visual artist

Forging Ritual

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To be a maker of art objects at a time when our visual media are increasingly presented in virtual forms, without a tangible body; in a place where artists are becoming increasingly more cramped for space; I am more careful and mindful each time I use my creativity to bring another object into the world. “What purpose will this artwork serve in my life, and what purpose do I want it to serve for my viewer?” These are the types of questions I ask myself as I construct my cut paper pieces. In this body of work, the choice to make paintings in a physical form rather than digital is more than a technical preference but a way for me to explore why a still, one-of-a-kind image deserves to occupy space in our lives.

I grew into my identity as a painter because I realized my need to create is linked to my mental health. In my early work, expression was everything to me: My work’s primary purpose was to construct  a visual language to communicate my identity to the world and I thought very little about what would happen to my work once it was completed. However, in recent years, I find myself needing my artwork to be more than an expression of my identity but also an ingredient for my legacy, and an emblem for my spiritual path

In my research for the body of work presented in Unearthed, Unveiled, I studied abstract paintings by Lee Krasner and Arthur Dove and the Oceanic Arts collection at the DeYoung Museum in San Francisco. I’m fascinated how artworks made on opposite ends of the globe from each other all use mark-making (carved marks, brushstrokes and drawn marks) as a storytelling tool. In Lee Kranser’s series Night Journeys, she created works that used wild, gestural arcs as a conduit to work through her marriage strife and her insomnia. A few decades earlier, Arthur Dove used paint to transform the random rhythms found in nature into spiritual and sensual symbols. Artists in Papua New Guinea and Northern Australia use patterns, geometric forms and cross-hatching to form a personal visual language to describe real events, but also dreamed experiences in bark paintings and polychromed sculpture. In tandem with the artists I described above, I, too am energized by the rhythms in nature; the cathartic quality of the painterly gesture and the idea of art-making as a spiritual practice.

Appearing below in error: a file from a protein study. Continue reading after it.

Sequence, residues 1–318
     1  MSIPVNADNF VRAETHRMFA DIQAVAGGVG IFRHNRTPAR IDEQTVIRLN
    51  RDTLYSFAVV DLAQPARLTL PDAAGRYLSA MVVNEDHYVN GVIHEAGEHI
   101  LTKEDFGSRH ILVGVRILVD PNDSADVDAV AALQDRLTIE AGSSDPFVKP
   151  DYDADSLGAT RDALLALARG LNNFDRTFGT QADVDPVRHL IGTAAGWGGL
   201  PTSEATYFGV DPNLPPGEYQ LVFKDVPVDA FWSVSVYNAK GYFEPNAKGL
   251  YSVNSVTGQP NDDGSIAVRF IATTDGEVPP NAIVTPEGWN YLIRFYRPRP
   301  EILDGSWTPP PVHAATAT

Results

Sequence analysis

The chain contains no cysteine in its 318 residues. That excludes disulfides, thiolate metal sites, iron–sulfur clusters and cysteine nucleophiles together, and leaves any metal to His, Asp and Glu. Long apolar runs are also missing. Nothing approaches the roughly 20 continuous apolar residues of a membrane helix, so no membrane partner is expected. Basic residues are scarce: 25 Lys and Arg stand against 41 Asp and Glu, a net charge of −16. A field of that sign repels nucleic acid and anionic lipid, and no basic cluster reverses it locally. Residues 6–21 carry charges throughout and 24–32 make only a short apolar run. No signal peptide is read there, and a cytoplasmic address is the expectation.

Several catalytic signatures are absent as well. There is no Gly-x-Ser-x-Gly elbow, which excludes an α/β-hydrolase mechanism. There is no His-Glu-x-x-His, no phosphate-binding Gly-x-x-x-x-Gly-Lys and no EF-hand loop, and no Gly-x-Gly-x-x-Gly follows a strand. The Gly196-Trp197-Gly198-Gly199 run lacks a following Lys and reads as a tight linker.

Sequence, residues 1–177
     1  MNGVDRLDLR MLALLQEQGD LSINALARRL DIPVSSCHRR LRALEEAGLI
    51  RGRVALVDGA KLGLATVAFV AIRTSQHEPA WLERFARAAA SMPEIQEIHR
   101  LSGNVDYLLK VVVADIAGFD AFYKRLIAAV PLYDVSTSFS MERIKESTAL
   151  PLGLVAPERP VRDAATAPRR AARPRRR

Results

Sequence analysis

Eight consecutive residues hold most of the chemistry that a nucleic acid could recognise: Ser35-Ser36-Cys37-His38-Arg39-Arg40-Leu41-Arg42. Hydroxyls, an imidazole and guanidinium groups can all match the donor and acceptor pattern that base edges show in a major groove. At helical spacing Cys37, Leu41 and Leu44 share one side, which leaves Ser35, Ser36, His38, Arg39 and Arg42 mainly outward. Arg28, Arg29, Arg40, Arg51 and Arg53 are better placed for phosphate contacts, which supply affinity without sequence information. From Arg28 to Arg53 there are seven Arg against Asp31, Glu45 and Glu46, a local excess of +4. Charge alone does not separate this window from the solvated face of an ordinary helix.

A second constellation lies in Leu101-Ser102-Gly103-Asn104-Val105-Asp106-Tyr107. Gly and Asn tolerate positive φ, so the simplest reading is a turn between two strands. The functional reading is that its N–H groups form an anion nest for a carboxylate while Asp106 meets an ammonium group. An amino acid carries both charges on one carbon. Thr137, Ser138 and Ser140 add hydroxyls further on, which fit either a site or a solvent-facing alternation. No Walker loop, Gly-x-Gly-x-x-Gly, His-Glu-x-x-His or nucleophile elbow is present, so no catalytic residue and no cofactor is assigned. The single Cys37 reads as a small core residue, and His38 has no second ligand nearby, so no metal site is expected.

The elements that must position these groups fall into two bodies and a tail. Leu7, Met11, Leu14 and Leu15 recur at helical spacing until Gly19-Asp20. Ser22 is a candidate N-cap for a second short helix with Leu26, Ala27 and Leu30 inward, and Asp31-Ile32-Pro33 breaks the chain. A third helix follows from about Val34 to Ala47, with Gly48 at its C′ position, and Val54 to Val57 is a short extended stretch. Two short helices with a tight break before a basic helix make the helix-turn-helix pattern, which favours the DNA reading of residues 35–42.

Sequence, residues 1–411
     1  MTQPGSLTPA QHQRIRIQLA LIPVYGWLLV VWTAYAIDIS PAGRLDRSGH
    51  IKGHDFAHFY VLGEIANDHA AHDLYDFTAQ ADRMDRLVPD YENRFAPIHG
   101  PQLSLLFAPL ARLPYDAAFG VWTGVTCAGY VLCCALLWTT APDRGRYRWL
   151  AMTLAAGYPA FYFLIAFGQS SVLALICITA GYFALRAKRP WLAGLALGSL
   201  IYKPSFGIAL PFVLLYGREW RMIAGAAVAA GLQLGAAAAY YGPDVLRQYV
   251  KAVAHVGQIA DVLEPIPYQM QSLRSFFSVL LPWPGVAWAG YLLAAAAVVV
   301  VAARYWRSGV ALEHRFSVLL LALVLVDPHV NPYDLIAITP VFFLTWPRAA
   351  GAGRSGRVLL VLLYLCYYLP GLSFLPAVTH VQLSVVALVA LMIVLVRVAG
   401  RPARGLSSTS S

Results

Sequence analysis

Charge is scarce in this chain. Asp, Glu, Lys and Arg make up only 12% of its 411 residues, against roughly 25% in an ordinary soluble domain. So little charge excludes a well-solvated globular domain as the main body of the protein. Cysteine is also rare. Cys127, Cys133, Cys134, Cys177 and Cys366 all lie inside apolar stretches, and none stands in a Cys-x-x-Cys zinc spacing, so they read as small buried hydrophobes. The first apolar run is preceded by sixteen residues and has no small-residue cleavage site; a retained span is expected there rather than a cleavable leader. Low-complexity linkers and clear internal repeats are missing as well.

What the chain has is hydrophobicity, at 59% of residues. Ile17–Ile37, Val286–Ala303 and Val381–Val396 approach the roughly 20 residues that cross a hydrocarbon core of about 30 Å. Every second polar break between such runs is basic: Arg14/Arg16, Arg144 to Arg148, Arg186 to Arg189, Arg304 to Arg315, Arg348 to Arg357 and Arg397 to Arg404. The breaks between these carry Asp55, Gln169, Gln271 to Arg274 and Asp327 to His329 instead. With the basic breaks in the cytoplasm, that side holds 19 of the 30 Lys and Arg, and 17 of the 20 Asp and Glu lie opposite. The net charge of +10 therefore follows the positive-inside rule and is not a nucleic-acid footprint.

Over the past four years, I have been exploring the possibilities of using cut paper as a means to develop my own visual language. Within these works, I’m interested in displaying a sense of tension between opaque sharp-edged forms and the more diaphanous delicate forms. The systems I’ve developed to mix collage, painting and drawing provide me a formal structure for conveying this tension, and also a narrative stage. A rite of passage, a first attempt at communication, an excavation of something long hidden: These are the events portrayed on my narrative stage. The title Unearthed, Unveiled resonates because the essence of this work is about the revealing and examining of a hidden life-form…a latent intelligence that yearns to be given the chance to communicate.

In my quest to create artwork that goes beyond being autobiographical and identity-centric, I’ve started to think of my art practice as a way to form new icons—symbols that speak to a mixing of influences and the overlapping of cultures and belief systems that so enrich our community and my life. My hope is that these artworks create a grounding and iconic impact each time the viewer passes by, but also a layered visual that invites an ever-changing interpretation.